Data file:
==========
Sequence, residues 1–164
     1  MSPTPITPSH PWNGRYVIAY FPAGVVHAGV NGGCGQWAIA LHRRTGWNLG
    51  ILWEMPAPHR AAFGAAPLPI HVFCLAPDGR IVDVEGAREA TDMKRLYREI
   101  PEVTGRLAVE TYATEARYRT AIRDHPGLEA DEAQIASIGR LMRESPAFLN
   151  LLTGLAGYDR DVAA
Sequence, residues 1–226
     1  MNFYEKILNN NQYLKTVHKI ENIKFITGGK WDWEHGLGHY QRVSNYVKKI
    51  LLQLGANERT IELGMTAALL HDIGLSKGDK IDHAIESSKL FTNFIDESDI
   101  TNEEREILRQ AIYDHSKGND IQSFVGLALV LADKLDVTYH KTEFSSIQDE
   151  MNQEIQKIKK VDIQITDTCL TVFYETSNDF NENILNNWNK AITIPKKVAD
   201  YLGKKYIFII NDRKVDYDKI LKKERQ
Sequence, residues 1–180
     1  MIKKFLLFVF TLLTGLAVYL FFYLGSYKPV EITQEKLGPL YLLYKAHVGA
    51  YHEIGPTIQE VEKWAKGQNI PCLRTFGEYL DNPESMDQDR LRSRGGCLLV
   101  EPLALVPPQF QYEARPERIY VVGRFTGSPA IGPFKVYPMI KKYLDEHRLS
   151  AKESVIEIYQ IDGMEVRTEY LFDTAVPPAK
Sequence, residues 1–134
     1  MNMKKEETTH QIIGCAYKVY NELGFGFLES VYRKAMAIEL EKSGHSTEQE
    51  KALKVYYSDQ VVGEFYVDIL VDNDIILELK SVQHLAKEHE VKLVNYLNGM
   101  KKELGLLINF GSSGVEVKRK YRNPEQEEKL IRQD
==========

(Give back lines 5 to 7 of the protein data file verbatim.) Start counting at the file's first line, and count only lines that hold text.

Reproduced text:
   151  LLTGLAGYDR DVAA
Sequence, residues 1–226
     1  MNFYEKILNN NQYLKTVHKI ENIKFITGGK WDWEHGLGHY QRVSNYVKKI